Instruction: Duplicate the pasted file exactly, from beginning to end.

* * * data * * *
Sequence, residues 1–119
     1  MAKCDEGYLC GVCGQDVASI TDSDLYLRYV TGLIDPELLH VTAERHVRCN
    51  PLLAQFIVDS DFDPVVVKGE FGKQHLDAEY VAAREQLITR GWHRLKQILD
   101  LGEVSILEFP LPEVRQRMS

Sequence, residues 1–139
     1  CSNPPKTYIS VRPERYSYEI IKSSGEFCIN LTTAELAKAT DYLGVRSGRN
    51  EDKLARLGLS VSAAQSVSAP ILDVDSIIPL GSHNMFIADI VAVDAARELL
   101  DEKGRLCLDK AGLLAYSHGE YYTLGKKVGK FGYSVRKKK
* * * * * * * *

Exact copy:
Sequence, residues 1–119
     1  MAKCDEGYLC GVCGQDVASI TDSDLYLRYV TGLIDPELLH VTAERHVRCN
    51  PLLAQFIVDS DFDPVVVKGE FGKQHLDAEY VAAREQLITR GWHRLKQILD
   101  LGEVSILEFP LPEVRQRMS

Sequence, residues 1–139
     1  CSNPPKTYIS VRPERYSYEI IKSSGEFCIN LTTAELAKAT DYLGVRSGRN
    51  EDKLARLGLS VSAAQSVSAP ILDVDSIIPL GSHNMFIADI VAVDAARELL
   101  DEKGRLCLDK AGLLAYSHGE YYTLGKKVGK FGYSVRKKK